The magic of birds

 

 Sally Farrell started volunteering as the Florence Nightingale of injured birds at the Audubon Zoo in 1979 upon the suggestion of a friend. Caring for the injured birds was supposed to be a way of getting over hurt feelings stemming from not being selected for a ballet role.

 
“I didn’t know what the word raptor meant,” Farrell said with a laugh, referring to her 15 years at the zoo. “They grew on me. Those were some of the best years of my life. God opened my eyes to his creation.”
 
Farrell has taken that avocation and training and transformed it into a personal business – “Wind in My Feathers” – through which she teaches children about the exotic wonders of owls, falcons, hawks, Mississippi kites and vultures.
 
Farrell received her training at the rehabilitation center for wild birds at the zoo. Though she no longer rehabilitates injured birds, she has special federal and state permits to keep 18 birds, including raptors, for educational purposes. Some are kept inside her home and others are in the backyard. All birds except pigeons, starlings and sparrows are protected by state and federal laws.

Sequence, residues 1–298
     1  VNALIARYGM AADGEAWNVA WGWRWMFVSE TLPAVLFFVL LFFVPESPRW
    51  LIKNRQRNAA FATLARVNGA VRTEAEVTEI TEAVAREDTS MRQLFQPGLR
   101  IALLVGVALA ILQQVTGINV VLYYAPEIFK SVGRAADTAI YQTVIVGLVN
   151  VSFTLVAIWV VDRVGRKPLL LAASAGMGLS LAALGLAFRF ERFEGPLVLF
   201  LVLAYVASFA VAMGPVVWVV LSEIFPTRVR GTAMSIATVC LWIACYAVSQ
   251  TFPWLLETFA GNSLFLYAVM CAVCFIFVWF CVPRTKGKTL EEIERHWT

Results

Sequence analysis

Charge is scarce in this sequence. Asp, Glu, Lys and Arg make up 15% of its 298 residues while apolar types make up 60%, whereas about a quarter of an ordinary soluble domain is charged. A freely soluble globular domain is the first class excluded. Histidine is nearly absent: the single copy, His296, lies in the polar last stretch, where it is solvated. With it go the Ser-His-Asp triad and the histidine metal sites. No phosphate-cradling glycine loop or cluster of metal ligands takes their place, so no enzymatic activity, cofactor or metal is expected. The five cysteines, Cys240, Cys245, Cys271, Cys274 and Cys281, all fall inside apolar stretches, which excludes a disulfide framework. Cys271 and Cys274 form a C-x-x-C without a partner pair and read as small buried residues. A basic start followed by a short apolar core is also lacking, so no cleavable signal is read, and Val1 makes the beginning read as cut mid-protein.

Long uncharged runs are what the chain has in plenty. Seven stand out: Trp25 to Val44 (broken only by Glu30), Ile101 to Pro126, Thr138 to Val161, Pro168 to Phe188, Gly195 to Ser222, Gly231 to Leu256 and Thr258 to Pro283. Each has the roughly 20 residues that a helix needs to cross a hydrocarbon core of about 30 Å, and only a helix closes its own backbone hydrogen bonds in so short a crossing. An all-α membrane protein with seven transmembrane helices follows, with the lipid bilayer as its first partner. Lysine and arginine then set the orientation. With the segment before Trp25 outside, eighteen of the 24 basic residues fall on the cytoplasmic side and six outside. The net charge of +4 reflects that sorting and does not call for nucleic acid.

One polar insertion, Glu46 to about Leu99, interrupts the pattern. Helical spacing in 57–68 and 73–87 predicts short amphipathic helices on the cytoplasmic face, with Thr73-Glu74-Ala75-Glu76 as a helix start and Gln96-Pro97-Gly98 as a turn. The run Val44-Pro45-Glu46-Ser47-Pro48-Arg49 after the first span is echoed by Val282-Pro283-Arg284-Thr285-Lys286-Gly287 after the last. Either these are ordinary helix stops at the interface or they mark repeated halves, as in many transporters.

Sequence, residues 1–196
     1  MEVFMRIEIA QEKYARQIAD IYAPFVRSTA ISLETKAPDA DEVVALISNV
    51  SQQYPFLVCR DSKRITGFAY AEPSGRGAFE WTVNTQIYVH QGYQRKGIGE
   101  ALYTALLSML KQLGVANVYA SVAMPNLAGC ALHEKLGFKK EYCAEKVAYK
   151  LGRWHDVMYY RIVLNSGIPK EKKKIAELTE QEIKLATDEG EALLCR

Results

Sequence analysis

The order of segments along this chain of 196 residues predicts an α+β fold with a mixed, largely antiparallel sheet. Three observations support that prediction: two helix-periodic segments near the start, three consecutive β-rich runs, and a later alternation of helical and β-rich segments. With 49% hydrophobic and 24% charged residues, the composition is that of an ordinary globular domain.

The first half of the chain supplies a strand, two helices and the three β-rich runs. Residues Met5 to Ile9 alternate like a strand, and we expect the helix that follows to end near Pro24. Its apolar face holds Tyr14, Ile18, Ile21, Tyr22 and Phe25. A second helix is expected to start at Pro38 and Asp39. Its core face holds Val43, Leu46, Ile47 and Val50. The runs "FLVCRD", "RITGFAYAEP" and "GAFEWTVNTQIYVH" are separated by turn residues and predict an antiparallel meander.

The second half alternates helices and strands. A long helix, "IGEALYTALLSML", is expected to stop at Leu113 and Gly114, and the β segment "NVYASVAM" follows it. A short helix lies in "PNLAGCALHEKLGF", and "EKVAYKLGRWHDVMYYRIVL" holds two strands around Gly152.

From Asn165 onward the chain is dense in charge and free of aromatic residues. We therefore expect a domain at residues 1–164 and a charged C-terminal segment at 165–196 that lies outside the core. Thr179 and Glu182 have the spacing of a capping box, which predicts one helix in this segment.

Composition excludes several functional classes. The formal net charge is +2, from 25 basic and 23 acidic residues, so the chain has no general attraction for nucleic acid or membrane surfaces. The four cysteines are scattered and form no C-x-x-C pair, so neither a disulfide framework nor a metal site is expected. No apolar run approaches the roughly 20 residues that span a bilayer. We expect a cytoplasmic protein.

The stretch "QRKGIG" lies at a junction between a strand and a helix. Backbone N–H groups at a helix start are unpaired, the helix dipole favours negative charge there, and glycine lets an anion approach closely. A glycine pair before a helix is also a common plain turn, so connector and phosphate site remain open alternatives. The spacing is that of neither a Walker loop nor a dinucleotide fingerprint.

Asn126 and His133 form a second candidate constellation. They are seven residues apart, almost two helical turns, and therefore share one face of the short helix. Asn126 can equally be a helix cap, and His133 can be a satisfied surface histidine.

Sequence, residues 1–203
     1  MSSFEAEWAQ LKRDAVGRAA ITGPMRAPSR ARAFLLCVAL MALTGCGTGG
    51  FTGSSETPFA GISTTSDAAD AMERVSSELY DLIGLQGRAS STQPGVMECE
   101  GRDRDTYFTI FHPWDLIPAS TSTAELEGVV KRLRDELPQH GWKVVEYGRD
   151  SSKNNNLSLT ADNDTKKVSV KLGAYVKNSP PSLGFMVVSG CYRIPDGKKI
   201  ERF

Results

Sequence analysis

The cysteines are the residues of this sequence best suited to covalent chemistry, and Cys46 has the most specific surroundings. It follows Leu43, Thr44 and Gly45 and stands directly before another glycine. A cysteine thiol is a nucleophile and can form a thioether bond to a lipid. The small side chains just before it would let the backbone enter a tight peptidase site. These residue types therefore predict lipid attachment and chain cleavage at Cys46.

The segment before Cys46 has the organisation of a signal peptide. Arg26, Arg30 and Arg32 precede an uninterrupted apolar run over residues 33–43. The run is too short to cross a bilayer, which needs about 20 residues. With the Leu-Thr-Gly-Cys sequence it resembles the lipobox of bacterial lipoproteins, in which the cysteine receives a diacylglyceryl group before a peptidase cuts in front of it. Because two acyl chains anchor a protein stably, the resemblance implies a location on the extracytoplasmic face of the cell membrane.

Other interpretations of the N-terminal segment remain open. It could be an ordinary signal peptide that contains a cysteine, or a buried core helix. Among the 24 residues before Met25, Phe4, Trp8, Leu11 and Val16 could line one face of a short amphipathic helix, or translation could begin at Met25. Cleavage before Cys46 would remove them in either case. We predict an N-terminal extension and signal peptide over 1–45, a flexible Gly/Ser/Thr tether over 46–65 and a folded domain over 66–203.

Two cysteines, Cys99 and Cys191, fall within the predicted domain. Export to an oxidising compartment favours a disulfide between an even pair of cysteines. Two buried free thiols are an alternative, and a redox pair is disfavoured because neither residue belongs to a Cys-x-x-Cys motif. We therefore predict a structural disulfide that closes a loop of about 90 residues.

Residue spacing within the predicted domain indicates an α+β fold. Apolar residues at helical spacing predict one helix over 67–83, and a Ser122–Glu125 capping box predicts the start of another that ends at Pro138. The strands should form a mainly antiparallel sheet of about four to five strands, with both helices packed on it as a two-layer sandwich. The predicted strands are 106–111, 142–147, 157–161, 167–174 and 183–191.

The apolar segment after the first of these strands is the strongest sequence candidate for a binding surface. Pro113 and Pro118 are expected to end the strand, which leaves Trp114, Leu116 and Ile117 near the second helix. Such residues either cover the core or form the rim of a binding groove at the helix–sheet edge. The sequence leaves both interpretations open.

Farrell makes one-hour live presentations to children, showcasing the “non-releasable” raptors she has cared for. Her presentations include a lecture, photographs, taped bird calls, owl castings, feather displays, skulls and owl feet.
 
When the children see the live birds, their eyes grow as wide as those of owls, Farrell said. One of her favorite birds to tell children about is a vulture with a 6-foot wing span named Jude, who stands about 20 inches tall.
 
“I tell the kids she’s really doing a good job, and she’s not a dirty bird,” Farrell said. “She’s our recycler, our garbage man. If we didn’t have vultures, we’d have a lot more disease.”
 
Farrell is available to make presentations to camps and schools. She can be reached at www.windinmyfeathers.org; sallybfarrell@gmail.com or 866-7260.

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